February 13 – What Is Not Expressed – Mark Nepo, The Book of Awakening
What is not ex-pressed is de-pressed.
It seems the more we express, that is, bring out what is in, the more alive we are. The more we give voice to our pain in living, the less build-up we have between our soul and our way in the world. However, the more we depress, the more we push down and keep in, the smaller we become. The more we stuff between our heart and our daily experience, the more we have to work through to feel life differently. Our unexpressed life can become a callus we carry around and manicure, but never remove. Experience can in effect lose its essential tenderness and poignancy, as we mistakenly conclude that life is losing its meaning. To a man unaware of the cataracts filming his eyes, the world seems dimmer, not his seeing. How often do we find the world less stimulating, unaware that our heart is diminished because of its encasement in all that remains unexpressed?
Let me give a personal example. I have, for many reasons, including issues of my own making, forever felt invisible in family or group settings. Initially, this stemmed from fearfully pleasing a self-centred mother at all costs. It led to years of unexpressed hurts and rejections that accrued into a callus that guarded the heart within my heart. I am and have always been a very open and emotionally accessible person, but at a certain depth, my core could not be touched. Though this started with Mother, it affected the level at which I could relate with anyone.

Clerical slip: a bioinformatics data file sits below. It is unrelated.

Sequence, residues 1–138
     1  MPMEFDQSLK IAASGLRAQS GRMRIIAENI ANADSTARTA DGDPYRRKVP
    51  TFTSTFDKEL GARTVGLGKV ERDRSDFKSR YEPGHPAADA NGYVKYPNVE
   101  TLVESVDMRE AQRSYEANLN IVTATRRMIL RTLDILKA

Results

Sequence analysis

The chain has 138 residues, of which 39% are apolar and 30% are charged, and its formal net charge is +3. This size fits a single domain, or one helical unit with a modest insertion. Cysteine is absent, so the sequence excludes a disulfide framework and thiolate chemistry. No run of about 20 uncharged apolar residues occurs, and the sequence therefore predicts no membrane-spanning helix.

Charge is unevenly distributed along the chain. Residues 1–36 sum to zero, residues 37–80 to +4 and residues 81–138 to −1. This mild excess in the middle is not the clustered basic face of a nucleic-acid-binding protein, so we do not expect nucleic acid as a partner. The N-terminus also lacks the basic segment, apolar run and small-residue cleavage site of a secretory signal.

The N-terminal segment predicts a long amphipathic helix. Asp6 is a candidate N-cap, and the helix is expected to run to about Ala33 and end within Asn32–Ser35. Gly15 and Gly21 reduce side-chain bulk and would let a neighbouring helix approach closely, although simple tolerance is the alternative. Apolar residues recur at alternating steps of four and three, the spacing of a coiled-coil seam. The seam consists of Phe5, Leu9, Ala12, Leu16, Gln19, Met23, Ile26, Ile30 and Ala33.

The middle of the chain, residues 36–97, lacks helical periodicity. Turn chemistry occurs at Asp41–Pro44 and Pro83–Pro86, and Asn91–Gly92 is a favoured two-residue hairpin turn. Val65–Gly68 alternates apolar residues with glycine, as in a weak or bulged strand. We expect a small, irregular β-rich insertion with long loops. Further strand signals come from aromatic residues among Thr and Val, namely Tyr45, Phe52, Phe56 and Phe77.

Eventually, this was not enough. I realized the world was not losing colour, but that I was screening the deepest emotional colours out. That I state this so calmly and clearly in one sentence hardly reflects the difficult and slow, elusive way this awareness pained itself into my daily consciousness. Rather, it emerged in me gradually as I began to acknowledge and voice the feelings of invisibility I have carried all my life.
Whatever your own example, it seems our authenticity is tied to what is de-pressed an what is ex-pressed. Just as flowers need healthy root systems in order to blossom, feelings can only express their beauty when they are rooted cleanly within us, breaking ground in some manner, sprouting outside us. It is that delicate paradoxical inch of ground between surface and deep, between flower and root, between what is allowed out and what is allowed in, that continually determines whether we are living our lives or not.